"The Secret Policeman's Ball" movies play like a "That's Entertainment" of the British counterculture, and they're on glorious display at the AFI Silver this weekend. Their guiding impresario, Martin Lewis, is bringing these films and their exuberant precursors and offshoots to Silver Spring in every possible incarnation, starting with a 40-minute highlights film to be shown for free tonight, followed by the British release versions of "The Secret Policeman's Ball" and "The Secret Policeman's Other Ball." For fans, it will be like listening to the restored Beatles in their original collections. For novices, it will be tantamount to discovering a brilliant new world of comic and musical synergy - and all for the good cause of Amnesty International.
The London benefit revues that brought together comic superstars like Monty Python with music superstars such as Pete Townshend made entertainment history and heightened awareness of Amnesty International's crusades for human rights. But tell Lewis that, and he'll tell you that "history" has too musty a ring to it. Even though Lewis timed this event to celebrate the balls' 30th anniversary, he's still high off of Amnesty International supporter Bruce Springsteen receiving Kennedy Center Honors on Sunday. It confirmed Lewis' faith that the events he produced for the organization have a legacy that's alive and kicking.
With Lewis helping to arrange for the Boss' friend and fellow superstar Sting to be the evening's closing act - even though to do it, Sting had to interrupt rehearsals for concerts this week in New York - the offstage celebrations became, Lewis says, "a love-in for Amnesty International." Younger rock stars like Eddie Vedder and Ben Harper, there to pay tribute to the asphalt bard of the Garden State, learned that he and Sting bonded as headliners for the 1988 "Human Rights Now" global tour, which encompassed the New, Old and Third Worlds. The party Amnesty International threw to honor the musicians as two of their own went on till 5 a.m. and drew every artist in the vicinity, including Meryl Streep and Robert De Niro. Through it all, Sting didn't lose sight of the group's point.
"All Sting had asked me to do before he came," says Lewis, "was look up an old friend, a law professor named Juan Mendez, who had been a prisoner of conscience in Argentina."
Apart from the skyscraping level of talent, the genius of the Amnesty International live performances and movies is that they didn't preach to the converted: They entertained the converted and made new converts out of the curious.
No one came to the front of the stage and delivered screeds against despotic governments or urged people to pass the hat. In fact, the talent satirized the self-satisfaction that sometimes comes with worthy events. For example, Eleanor Bron delivered a riff by that brilliant comic novelist and playwright Michael Frayn: "We often think that young people today are only out for a good time. Well, that certainly can't be said of these young people." And the brilliantly imperious John Cleese berated the cheap-seaters for getting into a human-rights gala "for the price of a prawn cocktail."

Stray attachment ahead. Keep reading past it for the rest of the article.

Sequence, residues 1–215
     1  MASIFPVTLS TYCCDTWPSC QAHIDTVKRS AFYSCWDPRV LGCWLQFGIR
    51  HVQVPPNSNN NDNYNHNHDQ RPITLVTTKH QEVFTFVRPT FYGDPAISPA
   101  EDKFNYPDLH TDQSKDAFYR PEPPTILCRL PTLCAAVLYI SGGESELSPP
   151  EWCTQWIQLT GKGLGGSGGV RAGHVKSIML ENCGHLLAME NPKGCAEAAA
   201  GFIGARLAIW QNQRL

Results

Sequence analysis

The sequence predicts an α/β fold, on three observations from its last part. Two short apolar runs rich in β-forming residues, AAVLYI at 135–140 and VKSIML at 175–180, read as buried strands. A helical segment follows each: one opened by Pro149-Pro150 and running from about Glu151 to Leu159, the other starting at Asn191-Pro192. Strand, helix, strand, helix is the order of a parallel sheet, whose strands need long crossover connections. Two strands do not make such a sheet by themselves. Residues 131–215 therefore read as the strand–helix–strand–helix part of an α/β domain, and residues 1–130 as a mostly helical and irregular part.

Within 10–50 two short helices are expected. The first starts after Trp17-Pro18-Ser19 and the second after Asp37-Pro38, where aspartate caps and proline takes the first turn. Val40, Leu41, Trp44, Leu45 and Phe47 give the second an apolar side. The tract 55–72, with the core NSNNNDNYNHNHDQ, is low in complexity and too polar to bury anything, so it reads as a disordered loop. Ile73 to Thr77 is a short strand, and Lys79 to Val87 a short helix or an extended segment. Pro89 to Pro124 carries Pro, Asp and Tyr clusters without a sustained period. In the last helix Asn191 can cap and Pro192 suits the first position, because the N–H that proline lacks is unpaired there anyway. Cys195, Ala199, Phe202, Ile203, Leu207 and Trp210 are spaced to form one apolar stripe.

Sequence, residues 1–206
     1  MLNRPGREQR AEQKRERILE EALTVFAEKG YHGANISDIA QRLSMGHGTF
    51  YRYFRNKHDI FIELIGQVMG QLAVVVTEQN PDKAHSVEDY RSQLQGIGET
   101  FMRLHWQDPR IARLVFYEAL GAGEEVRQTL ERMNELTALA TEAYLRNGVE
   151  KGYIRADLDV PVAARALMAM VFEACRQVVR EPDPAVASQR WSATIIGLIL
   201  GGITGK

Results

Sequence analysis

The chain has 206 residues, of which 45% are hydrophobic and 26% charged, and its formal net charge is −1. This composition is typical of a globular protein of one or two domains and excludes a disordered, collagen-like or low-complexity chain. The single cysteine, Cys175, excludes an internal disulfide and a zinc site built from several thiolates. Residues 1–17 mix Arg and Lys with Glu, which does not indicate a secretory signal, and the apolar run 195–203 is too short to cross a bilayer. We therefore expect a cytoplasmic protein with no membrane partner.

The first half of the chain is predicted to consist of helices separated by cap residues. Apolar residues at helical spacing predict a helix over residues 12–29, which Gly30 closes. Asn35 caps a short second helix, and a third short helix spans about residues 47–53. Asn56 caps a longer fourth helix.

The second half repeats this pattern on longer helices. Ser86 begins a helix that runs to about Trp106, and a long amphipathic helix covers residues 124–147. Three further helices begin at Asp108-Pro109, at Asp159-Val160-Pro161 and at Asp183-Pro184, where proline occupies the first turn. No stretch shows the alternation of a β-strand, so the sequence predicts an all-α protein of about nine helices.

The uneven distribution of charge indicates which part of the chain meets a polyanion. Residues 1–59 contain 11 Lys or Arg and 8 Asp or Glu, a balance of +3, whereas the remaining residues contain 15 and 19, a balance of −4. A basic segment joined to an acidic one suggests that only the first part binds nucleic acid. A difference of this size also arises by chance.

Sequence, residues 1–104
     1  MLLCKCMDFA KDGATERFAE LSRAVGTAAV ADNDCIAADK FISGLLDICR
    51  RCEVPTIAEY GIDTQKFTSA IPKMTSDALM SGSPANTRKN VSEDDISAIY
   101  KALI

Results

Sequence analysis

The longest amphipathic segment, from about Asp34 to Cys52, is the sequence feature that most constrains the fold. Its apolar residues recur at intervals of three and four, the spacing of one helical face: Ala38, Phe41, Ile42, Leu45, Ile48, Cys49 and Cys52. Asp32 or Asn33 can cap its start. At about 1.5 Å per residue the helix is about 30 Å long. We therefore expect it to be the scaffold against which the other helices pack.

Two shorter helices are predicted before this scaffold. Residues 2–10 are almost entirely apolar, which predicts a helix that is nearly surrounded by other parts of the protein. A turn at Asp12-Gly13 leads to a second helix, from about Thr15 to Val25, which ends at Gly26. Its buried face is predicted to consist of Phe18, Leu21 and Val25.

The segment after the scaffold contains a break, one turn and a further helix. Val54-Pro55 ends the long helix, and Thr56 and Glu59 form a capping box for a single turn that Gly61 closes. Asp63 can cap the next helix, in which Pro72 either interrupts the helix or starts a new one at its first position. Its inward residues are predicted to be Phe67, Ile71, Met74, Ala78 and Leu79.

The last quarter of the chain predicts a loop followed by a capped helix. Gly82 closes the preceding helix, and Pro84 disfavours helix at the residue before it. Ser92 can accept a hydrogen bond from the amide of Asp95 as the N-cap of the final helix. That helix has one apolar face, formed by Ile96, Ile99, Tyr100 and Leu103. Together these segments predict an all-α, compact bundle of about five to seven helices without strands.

Lewis' presence at the AFI Silver will be a prime reason to go. He is an unstoppable raconteur and boasts a 20-20 memory. That's an excellent match of skills to career, since "The Secret Policeman's Ball" series encompassed a formidably eclectic array of performances. It included, on the musical front, Townshend doing signature work like "Pinball Wizard" on an acoustic guitar, and, on the comic front, Peter Cook displaying the genius timing and sometimes acerbic, sometimes otherworldly presence that feature films caught only in parts of "The Wrong Box" and "Bedazzled."
"You could say that we started the 'unplugged' trend," says Lewis, because almost all the musicians performed without their usual elaborate equipment. (That was partly out of necessity: They appeared on a variety stage, sandwiched between comedy acts.)
But Lewis sees the overarching pop impact of "The Secret Policeman's Ball" series in the way it united live-wire farceurs like the Pythons, Rowan Atkinson and Billy Connolly with musicians such as Eric Clapton, Donovan and Bob Geldof.
"Before 'The Secret Policeman's Balls,' we didn't want to see variety shows because they reminded us of our parents' culture and staid series like 'The Perry Como Show,' " says Lewis. "But if you loved Monty Python you also loved the Who. It was a question of uniting those two worlds. It was like that device in the eye doctor's office where one eye sees a bird and the other a cage. You have to move them together till they click, and once we did, it made perfect sense."
And they made beautiful and lowdown comedy and music go together.
If you go
The Secret Policeman's Film Festival starts 6 p.m., today and continues through Tuesday at AFI Silver, 8633 Colesville Road, Silver Spring. Tickets are $10 for the general public, $8 for Amnesty or AFI members, $9 for seniors and students; opening screening and discussion is free. Call 301-495-6700 or go to